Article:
Remembering September 11. On that day, after spending the morning watching the news in horrified disbelief, I went to a friend’s house to talk about nothing in particular. We ended up standing outside, watching the sky. At that point during the day, an airplane was still unaccounted for. “What’s going to happen?” I asked my friend. I remember feeling that everything was suspended, while at the same time, everything, oddly, was going on exactly as it had been. At two o’clock I would have to pick up my son. At four, my oldest would be home. I had to get some potatoes for dinner.
And that is still the case. September 11 has altered us irrevocably, while at the same time, life goes on. By now enough time has passed since September 11 that people are beginning to remember it with a new consciousness than when it first became a raw, open wound. A year since the tragedy. The Twin Towers are vanquished; an open area of unprecedented lonely spaciousness in a most unlikely part of New York now exists where there was once innocent Wall Street commerce. How bitterly ironic, that that was true: Wall Street was innocent, at least in comparison to today. But how else to describe the unconscious, unselfconscious way Wall Street and the rest of us went about our business back then, never dreaming that we would be targeted that way.
We are no longer virgins, the untouched American people, separated by a continent from most of the horrors experienced by the rest of the world. We were bystanders during the Holocaust, until Pearl Harbor pulled us in. We made up for our previous inaction by fighting in Korea and Viet Nam, and later, in Iraq. Occasionally we made forays into other parts of the world to help out, usually to negotiate peace, but it was never all that personal. Until those planes hit us in one of our most vulnerable spots, New York City, we did not understand what people like the Israelis or the Bosnians have lived with on a daily basis for years.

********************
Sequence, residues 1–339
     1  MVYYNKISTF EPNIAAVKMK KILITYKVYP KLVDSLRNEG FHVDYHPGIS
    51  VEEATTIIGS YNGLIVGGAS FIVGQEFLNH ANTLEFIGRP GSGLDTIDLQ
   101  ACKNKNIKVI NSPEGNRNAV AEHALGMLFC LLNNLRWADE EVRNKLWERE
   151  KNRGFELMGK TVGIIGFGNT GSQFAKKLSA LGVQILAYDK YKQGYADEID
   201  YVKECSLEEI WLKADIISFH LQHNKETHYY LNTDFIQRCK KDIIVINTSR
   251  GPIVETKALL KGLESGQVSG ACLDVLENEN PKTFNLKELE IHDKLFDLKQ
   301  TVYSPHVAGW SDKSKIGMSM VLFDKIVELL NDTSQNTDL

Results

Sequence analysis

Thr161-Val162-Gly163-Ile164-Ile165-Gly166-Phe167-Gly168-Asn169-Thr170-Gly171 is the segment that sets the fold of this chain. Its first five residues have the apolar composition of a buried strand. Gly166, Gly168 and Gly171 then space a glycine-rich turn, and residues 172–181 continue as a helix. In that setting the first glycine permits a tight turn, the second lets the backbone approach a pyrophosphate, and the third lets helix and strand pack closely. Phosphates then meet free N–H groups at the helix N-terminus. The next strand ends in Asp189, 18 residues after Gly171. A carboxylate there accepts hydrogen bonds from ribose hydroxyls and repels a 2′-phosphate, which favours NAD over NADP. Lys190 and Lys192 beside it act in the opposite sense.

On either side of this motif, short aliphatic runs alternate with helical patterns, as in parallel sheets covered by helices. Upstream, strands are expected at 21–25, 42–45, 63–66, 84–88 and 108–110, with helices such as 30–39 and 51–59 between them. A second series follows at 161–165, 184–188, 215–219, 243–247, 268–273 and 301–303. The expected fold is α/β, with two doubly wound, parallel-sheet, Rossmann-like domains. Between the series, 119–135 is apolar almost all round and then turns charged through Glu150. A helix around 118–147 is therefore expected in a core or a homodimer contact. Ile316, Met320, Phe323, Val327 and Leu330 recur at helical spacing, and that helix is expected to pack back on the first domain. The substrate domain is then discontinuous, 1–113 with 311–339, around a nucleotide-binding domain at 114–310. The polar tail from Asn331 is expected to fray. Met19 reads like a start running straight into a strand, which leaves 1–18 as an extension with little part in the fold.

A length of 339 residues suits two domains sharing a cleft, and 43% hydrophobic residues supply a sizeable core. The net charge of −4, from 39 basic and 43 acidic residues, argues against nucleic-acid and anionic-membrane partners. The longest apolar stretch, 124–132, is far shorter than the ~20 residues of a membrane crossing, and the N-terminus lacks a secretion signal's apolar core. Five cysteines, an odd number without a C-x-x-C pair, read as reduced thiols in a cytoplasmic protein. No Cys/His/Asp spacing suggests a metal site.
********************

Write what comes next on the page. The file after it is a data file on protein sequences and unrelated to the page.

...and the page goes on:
Now we understand. I wish we still didn’t. The paranoid aftermath of September 11, with the heightened safety measures taken by the President in the form of the PATRIOT Act, the overscrutiny of foreigners, or the new department of Homeland Security, sometimes overshadow the good that came: the millions of dollars that have been raised to go to the families of the victims, an amazing display of charity and thoughtfulness. That astounding feat is the phoenix from the ashes, the good that came out of the evil.
Here in Brookline, we did our best to come to grips with life after September 11. We had flags flying from cars, houses, and classroom walls. We experienced a townwide ceremony and tried to make sense of what had happened and to show our solidarity as a town. We began effecting new security policies in schools and around town. We dealt with strangers in our schools in a manner that reflected our newfound sense of alarm and caution, and we then had to learn from that, as well. “A shame,” some say. “A reality,” say others.
Regardless of the verdict on the new security, school opened the next day, then finished, summer came, and then school again. September 11 is upon us, and at the time that I am writing this, I believe it will pass into September 12. We go on; we go to school, to work, to the supermarket, the gym. We are back to running lights and taking loved ones for granted. We even park illegally on the High Holy Days, so that we may more conveniently pick up our stuff at the Butcherie. We travel on airplanes. We go to church, we go off our diets. We watch the President noisily contemplate war with Iraq, and it hardly penetrates.
We are still the same, and thank God. Life went on, the terrorists lost. And yet. We know, we know. It could happen again. It takes our breath away, and we become still with knowing. The void exists in more places than World Trade Center Plaza. The void is within us, where blithe trust in our own invincibility once existed.
Copyright 2002, Susan Senator